Gastric outlet obstruction (GOO) is a clinical syndrome secondary to luminal obstruction at the level of the stomach and/or duodenum. GOO can be caused by either benign or malignant etiologies, often resulting in early satiety, nausea, vomiting and poor oral intake. GOO is associated with decreased quality of life and has been shown to significantly impact survival in patients with advanced malignancies. Traditional treatment options for GOO can be broadly divided into surgical [surgical gastrojejunostomy (GJ)] and endoscopic interventions (dilation and/or placement of luminal self-expanding metal stents). While surgical GJ has been shown to provide a more lasting relief of symptoms when compared to luminal stenting, it has also been associated with a higher rate of adverse events. Furthermore, many patients with advanced metastatic disease are not good surgical candidates. More recently, endoscopic ultrasound (EUS)-guided GJ has emerged as a potential alternative to traditional surgical and endoscopic approaches. This review focuses on the new advances and technical aspects of EUS-GJ and clinical outcomes in the management of both benign and malignant disease.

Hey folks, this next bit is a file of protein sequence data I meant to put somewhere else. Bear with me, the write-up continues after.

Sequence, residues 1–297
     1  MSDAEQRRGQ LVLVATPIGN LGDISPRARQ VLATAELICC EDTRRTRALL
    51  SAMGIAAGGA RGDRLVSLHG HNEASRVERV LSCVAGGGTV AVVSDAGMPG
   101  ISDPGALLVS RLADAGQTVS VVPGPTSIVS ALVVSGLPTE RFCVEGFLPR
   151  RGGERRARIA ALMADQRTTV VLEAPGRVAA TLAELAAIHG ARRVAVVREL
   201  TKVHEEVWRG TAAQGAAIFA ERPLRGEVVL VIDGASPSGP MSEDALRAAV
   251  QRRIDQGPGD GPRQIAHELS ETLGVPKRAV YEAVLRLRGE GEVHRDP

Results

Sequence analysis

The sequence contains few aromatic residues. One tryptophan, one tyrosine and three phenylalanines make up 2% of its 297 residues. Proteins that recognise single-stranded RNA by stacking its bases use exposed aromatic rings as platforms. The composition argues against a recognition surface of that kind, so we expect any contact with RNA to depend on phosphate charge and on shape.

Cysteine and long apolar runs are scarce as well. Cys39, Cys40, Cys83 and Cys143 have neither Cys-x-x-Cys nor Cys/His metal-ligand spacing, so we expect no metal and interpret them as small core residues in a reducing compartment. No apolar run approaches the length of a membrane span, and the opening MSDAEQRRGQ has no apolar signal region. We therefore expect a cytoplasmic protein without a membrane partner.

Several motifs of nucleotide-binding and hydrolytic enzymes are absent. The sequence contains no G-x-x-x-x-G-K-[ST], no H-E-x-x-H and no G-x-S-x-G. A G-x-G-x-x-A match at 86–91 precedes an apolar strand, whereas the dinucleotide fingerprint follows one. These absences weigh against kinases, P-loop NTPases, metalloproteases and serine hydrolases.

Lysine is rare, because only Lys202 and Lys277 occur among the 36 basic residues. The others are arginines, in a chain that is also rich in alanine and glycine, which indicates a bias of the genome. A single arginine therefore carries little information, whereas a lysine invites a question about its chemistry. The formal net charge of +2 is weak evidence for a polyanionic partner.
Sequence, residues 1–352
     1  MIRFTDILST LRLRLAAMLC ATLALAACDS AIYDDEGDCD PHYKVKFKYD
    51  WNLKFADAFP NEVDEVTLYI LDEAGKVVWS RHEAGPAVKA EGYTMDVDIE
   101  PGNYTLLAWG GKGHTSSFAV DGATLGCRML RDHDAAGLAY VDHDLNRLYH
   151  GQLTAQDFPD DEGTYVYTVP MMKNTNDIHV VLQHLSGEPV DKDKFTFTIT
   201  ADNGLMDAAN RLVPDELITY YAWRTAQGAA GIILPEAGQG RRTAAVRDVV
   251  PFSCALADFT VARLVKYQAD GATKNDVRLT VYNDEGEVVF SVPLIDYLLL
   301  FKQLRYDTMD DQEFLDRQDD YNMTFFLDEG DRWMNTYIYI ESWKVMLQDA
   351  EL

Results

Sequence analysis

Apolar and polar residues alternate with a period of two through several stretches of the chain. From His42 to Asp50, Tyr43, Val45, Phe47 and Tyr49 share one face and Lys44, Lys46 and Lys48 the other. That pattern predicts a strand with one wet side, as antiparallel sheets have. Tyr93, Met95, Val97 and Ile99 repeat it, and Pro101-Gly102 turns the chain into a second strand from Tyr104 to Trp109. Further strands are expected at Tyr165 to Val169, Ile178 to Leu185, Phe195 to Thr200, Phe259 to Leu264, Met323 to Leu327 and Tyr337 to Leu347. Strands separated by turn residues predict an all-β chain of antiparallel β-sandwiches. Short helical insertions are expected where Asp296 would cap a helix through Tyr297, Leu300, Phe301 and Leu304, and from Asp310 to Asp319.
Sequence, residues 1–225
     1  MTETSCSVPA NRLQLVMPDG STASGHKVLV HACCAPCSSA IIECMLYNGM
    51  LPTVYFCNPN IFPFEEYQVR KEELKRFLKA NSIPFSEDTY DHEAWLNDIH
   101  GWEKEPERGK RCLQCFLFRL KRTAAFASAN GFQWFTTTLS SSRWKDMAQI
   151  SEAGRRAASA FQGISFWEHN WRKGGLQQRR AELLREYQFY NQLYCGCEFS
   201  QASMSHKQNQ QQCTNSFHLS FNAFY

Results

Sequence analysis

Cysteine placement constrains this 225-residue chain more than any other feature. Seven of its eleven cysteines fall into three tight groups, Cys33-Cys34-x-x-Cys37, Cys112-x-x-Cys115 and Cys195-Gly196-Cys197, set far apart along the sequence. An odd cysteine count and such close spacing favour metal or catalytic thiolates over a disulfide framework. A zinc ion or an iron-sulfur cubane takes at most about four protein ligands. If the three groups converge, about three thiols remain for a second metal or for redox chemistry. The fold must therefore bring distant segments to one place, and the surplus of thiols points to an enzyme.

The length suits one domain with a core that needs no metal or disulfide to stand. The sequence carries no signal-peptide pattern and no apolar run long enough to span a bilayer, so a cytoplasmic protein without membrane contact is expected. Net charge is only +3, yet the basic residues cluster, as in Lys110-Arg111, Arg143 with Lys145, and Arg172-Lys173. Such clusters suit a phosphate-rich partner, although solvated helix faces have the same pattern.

Key Words: Gastric outlet obstruction, Interventional endoultrasonography, Gastrojejunostomy, Duodenal stenting, Balloon dilatation

Core Tip: Gastric outlet obstruction (GOO) can significantly decrease the quality of life and also significantly impact survival of patients with malignant etiology. Endoscopic luminal stenting and surgery are considered standard therapy; however, issues remain. Luminal stenting is minimally invasive but often requires reinterventions whereas longer-lasting surgical bypass procedures are associated with higher morbidity. Endoscopic ultrasonography-guided gastroenterostomy has emerged as an alternative to these established therapies. We aim to analyze the technical aspects of endoscopic ultrasonography-guided gastroenterostomy, review its clinical outcomes and propose a treatment algorithm for patients with malignant GOO.


Gastric outlet obstruction (GOO) is a clinical syndrome characterized by symptoms of luminal obstruction secondary to a variety of disorders (Table 1). The obstruction can be present at the level of distal stomach, pylorus or duodenum. Typical symptoms include postprandial vomiting, epigastric abdominal pain, bloating or abdominal discomfort, early satiety and weight loss[1,2].